Sixth Poll in a Year Finds Public Recognizes Liberal Tilt to News Media

For the sixth time in a year, a national survey has found many more Americans see a media bias to the left than to the right, and the latest poll released earlier this month by the Sacred Heart University Polling Institute, discovered “significantly declining percentages of Americans saying they believe all or most of media news reporting,” with MSNBC (at a piddling four percent) and PBS (three percent) the least trusted for accurate reporting. Fox News, at 27 percent, was the most trusted, way ahead of second-best CNN at 14.6 percent. The Fairfield, Connecticut university's January 8 press release reported: “Just 19.6 percent of those surveyed could say they believe all or most news media reporting. This is down from 27.4 percent in 2003.”

By a three-to-one margin “Americans see news media journalists and broadcasters (45.4 percent to 15.7 percent) as mostly or somewhat liberal over mostly or somewhat conservative,” but for NPR and the New York Times recognition of a liberal tilt is closer to four-to-one.

That ratio for the New York Times matches a July poll by Rasmussen (see below).

Earlier NewsBusters posting on the Sacred Heart University poll.

An excerpt from the January 8 press release about the survey, based on 800 interviews, conducted November 26 to December 5:

A Sacred Heart University Poll found significantly declining percentages of Americans saying they believe all or most of media news reporting. In the current national poll, just 19.6% of those surveyed could say they believe all or most news media reporting. This is down from 27.4% in 2003. Just under one-quarter, 23.9%, in 2007 said they believe little or none of reporting while 55.3% suggested they believe some media news reporting.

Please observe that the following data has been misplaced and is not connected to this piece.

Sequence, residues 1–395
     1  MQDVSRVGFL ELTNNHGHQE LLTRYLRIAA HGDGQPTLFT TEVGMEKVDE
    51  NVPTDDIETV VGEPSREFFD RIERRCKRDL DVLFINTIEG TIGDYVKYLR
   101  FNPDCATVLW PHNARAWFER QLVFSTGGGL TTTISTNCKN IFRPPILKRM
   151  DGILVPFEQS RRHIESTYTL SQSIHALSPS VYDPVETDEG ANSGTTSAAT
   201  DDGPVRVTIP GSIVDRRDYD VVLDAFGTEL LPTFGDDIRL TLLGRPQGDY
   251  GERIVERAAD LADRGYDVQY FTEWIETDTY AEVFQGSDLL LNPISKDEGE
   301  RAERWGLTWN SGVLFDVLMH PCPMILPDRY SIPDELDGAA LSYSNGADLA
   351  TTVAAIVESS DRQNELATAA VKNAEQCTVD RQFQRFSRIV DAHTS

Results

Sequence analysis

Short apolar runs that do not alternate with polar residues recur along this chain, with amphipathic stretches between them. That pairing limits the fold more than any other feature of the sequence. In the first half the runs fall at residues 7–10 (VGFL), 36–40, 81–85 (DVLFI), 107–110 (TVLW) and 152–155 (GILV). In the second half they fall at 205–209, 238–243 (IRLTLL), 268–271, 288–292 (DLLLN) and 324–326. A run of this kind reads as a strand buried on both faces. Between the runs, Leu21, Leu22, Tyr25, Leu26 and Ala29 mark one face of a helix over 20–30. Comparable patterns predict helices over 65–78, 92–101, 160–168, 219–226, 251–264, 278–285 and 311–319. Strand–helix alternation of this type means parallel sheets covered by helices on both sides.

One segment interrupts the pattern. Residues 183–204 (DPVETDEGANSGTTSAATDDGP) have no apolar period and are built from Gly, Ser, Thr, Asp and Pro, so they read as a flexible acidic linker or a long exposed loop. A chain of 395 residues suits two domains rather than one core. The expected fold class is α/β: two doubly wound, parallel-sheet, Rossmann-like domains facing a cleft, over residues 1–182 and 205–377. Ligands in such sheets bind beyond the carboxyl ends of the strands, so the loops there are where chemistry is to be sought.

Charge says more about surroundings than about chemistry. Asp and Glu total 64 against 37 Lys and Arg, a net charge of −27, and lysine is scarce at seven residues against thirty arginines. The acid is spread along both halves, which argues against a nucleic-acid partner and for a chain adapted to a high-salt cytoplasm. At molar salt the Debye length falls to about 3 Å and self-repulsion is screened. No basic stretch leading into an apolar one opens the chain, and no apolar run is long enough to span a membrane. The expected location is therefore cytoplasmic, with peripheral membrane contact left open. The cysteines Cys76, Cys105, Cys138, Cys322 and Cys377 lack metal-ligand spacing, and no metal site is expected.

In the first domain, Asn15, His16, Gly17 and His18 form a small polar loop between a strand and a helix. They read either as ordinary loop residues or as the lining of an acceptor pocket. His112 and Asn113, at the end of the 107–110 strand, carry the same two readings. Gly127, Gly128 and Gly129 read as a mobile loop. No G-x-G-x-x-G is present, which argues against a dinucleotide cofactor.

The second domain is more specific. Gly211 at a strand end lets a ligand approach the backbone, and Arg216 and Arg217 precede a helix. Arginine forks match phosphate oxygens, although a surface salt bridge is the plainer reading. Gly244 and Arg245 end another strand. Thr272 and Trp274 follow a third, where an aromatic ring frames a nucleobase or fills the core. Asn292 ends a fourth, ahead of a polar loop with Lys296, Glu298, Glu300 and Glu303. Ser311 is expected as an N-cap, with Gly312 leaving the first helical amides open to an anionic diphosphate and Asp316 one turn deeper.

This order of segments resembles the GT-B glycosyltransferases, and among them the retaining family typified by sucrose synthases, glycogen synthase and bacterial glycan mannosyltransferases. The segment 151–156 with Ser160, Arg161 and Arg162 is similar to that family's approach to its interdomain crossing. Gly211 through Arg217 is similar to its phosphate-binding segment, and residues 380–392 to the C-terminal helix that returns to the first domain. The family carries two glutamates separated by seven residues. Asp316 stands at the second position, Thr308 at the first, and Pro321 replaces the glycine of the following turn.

....The perception is growing among Americans that the news media attempts to influence public opinion -- from 79.3% strongly or somewhat agreeing in 2003 to 87.6% in 2007.

And, 86.0% agreed (strongly or somewhat) that the news media attempts to influence public policies -- up from 76.7% in 2003....

By four-to-one margins, Americans surveyed see The New York Times (41.9% to 11.8%) and National Public Radio (40.3% to 11.2%) as mostly or somewhat liberal over mostly or somewhat conservative.

By a three-to-one margin, Americans see news media journalists and broadcasters (45.4% to 15.7%) as mostly or somewhat liberal over mostly or somewhat conservative.

And, by a two-to-one margin, Americans see CNN (44.9% to 18.4%) and MSNBC (38.8% to 15.8%) as mostly or somewhat liberal over mostly or somewhat conservative.

Just Fox News was seen as mostly and somewhat conservative (48.7%) over mostly or somewhat liberal (22.3%).

The most trusted national TV news organizations, for accurate reporting, in declining order included: Fox News (27.0%), CNN (14.6%), and NBC News (10.90%). These were followed by ABC News (7.0%), local news (6.9%), CBS News (6.8%) MSNBC (4.0%), PBS News (3.0%), CNBC (0.6%) and CBN (0.5%).

In 2003, CNN led Fox News on “trust most for accurate reporting” 23.8% to 14.6%.
As noted above, this was the sixth national poll in just a year to document the widespread public recognition of liberal over conservative bias:

The November 29 MRC CyberAlert, “Poll: Twice as Many See Media as Too Liberal as Too Conservative,” summarized two surveys:
By two-to-one, 40 percent to 21 percent, Americans "believe the media is too liberal" over "too conservative," the just-released "National Leadership Index" poll by the Center for Public Leadership at Harvard University's John F. Kennedy School of Government, determined. Harvard's findings in the survey taken in September match a Gallup poll, also conducted in September, which found "more than twice as many Americans say the news media are too liberal (45%) rather than too conservative (18%)." In the Harvard poll, while 68 percent of Republicans said they think "the press is too liberal," 35 percent of independents agree and even 25 percent of Democrats consider the media to be too liberal, nearly as many as the 28 percent who see it as too conservative.